Monographs Details: Mezia
Authority: Maguire, Bassett. 1978. The botany of the Guayana Highland--part XI. Mem. New York Bot. Gard. 32: 1-391.
Family:Malpighiaceae
Scientific Name:Mezia
Description:Genus Description - Woody vines or hanas. Leaves opposite, the petiole eglandular, the lamina bearing impressed glands or eglandular, the stipules minute, interpetiolar, caducous. Inflorescence tightly reddish- or dark brown-sericeous throughout, axillary and terminal, decompound, containing much-reduced bract-like leaves below the floriferous bracts, the flowers ultimately borne in umbels of 4; bracts smaller than the bracteoles, abaxially sericeous, adaxially glabrous or sparsely sericeous near the margin, eglandular, deciduous before maturation of the fruit; peduncle well developed; bracteoles borne just below the flower, large, globose cymbiform, the inner enclosing the bud until anthesis, the outer enclosing both bud and inner bracteole, abaxially sericeous, adaxially glabrous or sparsely sericeous, often splitting at the apex at anthesis, persistent or deciduous; pedicel very short, to 2 mm long in fruit; old flowers (not setting seed) deciduous at base of peduncle, not at joint between peduncle and pedicel. Sepals free, narrowly oblong or spatulate, rounded at the apex, abaxially tomentose, adaxially glabrous or bearing a few hairs, the anterior sepal eglandular, the 4 lateral sepals each bearing 2 large compressed glands, these distinct or partially to completely connate. Petals yolk-yellow, plane or slightly concave, the lateral 4 reflexed, the posterior erect or reflexed in the limb. Receptacle glabrous. Stamens 10, the filaments basally to 1/2 or more connate, the 2 opposite the postero-lateral petals longer and thicker than all others; anthers dimorphic, the 5 opposite the sepals differing in size and shape of the connective, and sometimes in pubescence, from the 5 opposite the petals. Ovary of 3 carpels, adaxially adnate to a common axis, 1 anterior and 2 posterior, all fertile, sericeous; styles 3, subterminal, the apex with a large internal stigma and dorsally truncate or short-hooked or pedaliform, the anterior style shorter and often slenderer than the 2 posterior styles. Fruit schizocarpic, comprising 3 (or less by abortion) 1-seeded samaras borne on a pyramidal torus, each samara bearing 2 large lateral wings free or more often continuous at the base, a smaller dorsal wing, and often additional crests or winglets between them or outside the lateral wings.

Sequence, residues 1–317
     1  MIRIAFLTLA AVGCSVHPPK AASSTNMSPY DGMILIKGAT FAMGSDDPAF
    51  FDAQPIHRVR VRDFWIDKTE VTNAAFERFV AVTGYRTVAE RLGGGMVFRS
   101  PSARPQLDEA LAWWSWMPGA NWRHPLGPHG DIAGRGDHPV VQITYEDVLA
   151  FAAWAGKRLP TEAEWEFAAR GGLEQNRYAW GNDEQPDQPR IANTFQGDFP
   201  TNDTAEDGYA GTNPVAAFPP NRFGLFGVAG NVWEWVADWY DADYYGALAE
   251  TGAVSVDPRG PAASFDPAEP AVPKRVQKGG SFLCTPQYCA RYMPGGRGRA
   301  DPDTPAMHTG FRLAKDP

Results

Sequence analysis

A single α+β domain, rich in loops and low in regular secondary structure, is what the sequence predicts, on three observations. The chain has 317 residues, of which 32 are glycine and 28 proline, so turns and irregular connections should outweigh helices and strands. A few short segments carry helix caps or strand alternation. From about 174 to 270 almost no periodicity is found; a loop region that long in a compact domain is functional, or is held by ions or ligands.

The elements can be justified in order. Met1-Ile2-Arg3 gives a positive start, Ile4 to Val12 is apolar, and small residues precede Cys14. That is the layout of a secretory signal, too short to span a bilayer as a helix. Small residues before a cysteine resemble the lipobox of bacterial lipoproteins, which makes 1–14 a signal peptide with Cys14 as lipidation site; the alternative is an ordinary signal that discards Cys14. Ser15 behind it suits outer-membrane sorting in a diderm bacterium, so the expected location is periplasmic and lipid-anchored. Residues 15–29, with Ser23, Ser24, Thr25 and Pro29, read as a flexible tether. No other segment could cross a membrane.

Discussion:17. Mezia Schwacke ex Niedenzu, Nat. Pflanzenfam. 3(4): 58. 1890. Stenocalyx Turczaninow, Bull. Soc. Nat. Mosc. 31(1): 393. 1858, non Stenocalyx Berg, 1854, Myrtaceae. Diplopterys Adr. Jussieu sect Mezia (Schwacke ex Niedenzu) Niedenzu, Arb. Bot. Inst. Lye. Braunsberg 4: 16. 1912. Type. Mezia araujei Schwacke ex Niedenzu. This is a mascagnioid genus, distinguished by its four-flowered umbels, the reddish or dark brown sericeousness of the inflorescence, the very large bracteoles that completely enclose the flower until anthesis, the very short (practically absent) pedicel, the long narrow sepals four of which bear large compressed or rarely connate glands, and the dimorphic anthers. It is also most unusual in this family for abscission of old flowers to be at the base of the peduncle instead of between peduncle and pedicel. The genus most like Mezia is Jubelina, which resembles Mezia in having umbels, large bracteoles, long narrow sepals, compressed or connate calyx glands, and large mascagnioid fruits. However, Jubelina has a well developed pedicel, the bracteoles do not enclose the bud, abscission of its flowers is at the peduncle-pedicel joint, and its samara has sterile cavities on each side of the fertile locule, which are not present in Mezia. Mezia comprises several species in addition to the ones treated here, these occurring mostly in Brazil, as far south as Rio de Janeiro.